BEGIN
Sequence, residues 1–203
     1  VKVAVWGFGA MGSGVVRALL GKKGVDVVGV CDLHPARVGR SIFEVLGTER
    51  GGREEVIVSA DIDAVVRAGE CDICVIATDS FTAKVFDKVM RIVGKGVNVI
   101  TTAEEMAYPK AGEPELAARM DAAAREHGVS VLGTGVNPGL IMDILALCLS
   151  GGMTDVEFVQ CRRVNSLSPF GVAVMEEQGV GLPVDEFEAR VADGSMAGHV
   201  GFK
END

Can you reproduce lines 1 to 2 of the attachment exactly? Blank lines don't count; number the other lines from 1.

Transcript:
Sequence, residues 1–203
     1  VKVAVWGFGA MGSGVVRALL GKKGVDVVGV CDLHPARVGR SIFEVLGTER